The non-linearity is one of Uncanny Valley's strongest features, but it can also get a bit annoying at times. It isn't always clear what the game wants done, and particularly on the first playthrough some players are going to wind up feeling lost. It is also entirely possible and very easy to accidentally wind up doing something that triggers a bad ending, causing the adventure to end prematurely while bad things are shown happening on screen. This is entirely normal for an adventure game and something that many people are likely used to by now, but instead of kicking you back out to the previous room and having a good laugh at your stupidity, the game instead wants to start things all over again from the beginning. It would be a bit more palatable if this was the result of a particularly stupid decision, but some of these are caused by what feels like very natural and normal curiosity on the player's part. "Explore the facility to uncover the mysteries!" the game proclaims, before adding, "Oops wait, not there. Game over, sorry."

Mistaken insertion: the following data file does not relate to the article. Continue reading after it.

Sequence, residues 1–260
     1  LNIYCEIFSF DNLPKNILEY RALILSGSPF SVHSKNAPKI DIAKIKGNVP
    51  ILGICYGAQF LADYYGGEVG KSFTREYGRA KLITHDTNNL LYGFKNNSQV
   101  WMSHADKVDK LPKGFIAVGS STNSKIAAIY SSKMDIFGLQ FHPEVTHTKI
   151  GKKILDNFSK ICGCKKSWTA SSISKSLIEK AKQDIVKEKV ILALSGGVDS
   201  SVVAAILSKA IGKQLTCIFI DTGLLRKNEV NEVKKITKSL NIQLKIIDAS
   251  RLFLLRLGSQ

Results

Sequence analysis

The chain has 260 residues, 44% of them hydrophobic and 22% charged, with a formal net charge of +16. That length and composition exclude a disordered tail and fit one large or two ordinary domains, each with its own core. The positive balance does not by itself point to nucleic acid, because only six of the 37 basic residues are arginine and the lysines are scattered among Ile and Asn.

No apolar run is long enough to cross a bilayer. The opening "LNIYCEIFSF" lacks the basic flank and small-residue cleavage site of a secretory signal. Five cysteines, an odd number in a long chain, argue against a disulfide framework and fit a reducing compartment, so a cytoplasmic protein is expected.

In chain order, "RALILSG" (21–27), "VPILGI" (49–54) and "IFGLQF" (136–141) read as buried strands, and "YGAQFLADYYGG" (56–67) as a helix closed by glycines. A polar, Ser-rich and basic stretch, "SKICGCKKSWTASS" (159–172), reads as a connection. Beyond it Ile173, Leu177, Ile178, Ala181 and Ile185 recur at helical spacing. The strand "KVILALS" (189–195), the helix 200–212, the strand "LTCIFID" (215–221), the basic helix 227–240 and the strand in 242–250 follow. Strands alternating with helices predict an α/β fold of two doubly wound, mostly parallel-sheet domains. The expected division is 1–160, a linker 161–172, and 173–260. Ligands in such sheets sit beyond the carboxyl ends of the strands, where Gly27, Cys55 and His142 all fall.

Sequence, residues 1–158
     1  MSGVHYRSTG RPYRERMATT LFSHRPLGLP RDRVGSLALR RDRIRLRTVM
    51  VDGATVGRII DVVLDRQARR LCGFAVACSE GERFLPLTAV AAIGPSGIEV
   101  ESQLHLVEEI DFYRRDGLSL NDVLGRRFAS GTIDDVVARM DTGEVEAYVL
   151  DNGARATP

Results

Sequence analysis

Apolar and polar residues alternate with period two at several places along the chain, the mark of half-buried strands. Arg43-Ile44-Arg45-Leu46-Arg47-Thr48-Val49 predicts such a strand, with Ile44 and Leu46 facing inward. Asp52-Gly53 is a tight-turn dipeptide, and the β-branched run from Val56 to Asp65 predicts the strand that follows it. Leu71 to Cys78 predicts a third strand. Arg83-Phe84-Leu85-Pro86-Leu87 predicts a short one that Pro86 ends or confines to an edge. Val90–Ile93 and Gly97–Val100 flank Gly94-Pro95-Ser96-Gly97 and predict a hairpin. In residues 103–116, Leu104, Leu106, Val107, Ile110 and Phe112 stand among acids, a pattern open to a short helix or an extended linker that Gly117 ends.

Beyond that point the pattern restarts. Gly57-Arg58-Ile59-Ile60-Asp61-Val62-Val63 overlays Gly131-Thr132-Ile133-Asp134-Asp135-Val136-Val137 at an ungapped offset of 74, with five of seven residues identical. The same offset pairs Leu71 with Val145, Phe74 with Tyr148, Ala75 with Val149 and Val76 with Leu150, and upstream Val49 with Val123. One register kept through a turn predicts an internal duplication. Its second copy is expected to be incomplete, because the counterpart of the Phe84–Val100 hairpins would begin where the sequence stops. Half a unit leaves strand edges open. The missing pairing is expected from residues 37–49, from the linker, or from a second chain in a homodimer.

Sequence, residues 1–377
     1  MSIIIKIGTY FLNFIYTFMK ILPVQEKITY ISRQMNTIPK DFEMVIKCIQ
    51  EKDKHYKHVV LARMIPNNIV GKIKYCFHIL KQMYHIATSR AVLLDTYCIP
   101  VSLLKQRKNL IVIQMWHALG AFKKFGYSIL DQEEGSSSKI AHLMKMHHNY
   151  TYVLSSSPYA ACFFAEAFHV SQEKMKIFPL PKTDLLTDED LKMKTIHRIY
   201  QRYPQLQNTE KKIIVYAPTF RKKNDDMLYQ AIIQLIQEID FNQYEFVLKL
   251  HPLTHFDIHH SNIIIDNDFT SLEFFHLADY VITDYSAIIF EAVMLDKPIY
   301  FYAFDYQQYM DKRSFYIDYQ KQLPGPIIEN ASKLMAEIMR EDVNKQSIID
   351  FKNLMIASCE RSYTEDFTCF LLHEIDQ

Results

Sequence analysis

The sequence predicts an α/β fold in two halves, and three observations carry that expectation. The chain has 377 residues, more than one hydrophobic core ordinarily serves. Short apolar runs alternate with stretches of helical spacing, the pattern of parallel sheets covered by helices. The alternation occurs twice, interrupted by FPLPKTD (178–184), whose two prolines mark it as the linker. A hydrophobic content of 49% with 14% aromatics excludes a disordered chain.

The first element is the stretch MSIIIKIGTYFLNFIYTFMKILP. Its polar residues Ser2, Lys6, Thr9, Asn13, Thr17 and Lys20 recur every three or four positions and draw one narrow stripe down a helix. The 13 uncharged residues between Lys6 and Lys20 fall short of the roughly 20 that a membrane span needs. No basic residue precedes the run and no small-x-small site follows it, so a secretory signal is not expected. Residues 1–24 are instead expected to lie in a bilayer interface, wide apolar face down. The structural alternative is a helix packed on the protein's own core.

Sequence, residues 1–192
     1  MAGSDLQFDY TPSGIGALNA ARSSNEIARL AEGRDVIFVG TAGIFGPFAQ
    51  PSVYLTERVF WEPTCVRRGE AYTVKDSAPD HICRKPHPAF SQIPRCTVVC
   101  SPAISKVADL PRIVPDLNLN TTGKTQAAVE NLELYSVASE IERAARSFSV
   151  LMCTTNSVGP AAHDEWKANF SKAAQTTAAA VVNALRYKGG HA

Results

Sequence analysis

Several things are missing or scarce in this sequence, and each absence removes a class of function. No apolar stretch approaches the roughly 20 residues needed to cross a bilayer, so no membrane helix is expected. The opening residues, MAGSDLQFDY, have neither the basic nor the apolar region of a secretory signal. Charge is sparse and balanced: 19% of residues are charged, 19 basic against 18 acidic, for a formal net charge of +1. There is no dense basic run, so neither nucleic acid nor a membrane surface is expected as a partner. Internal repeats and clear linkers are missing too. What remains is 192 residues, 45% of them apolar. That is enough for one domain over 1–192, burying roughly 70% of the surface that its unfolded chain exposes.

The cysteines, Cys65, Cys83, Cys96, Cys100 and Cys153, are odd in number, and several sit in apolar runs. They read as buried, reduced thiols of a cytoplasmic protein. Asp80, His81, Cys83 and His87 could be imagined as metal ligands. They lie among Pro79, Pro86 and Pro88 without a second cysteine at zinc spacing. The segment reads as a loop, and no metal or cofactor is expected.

There are a couple of other facets to the gameplay here other than the exploration, and after about the halfway point there is some rudimentary combat to engage in and some puzzles to solve. None of these puzzles are particularly challenging and frequently there isn't much more to them than using an object on the obvious object it interacts with, exemplified by one point early in the game where gate cutters are used on a gate. The combat isn't very interesting either, and without spoiling too much it is often better to just run away and hide. An interesting feature is that specific body parts can get wounded at various points in the game. Arms or legs can be broken, and this will directly affect how certain objects can be interacted with. It is integrated into the gameplay fairly well, and does a nice job emphasising caution and further adding to the suspense of the game when something does go wrong.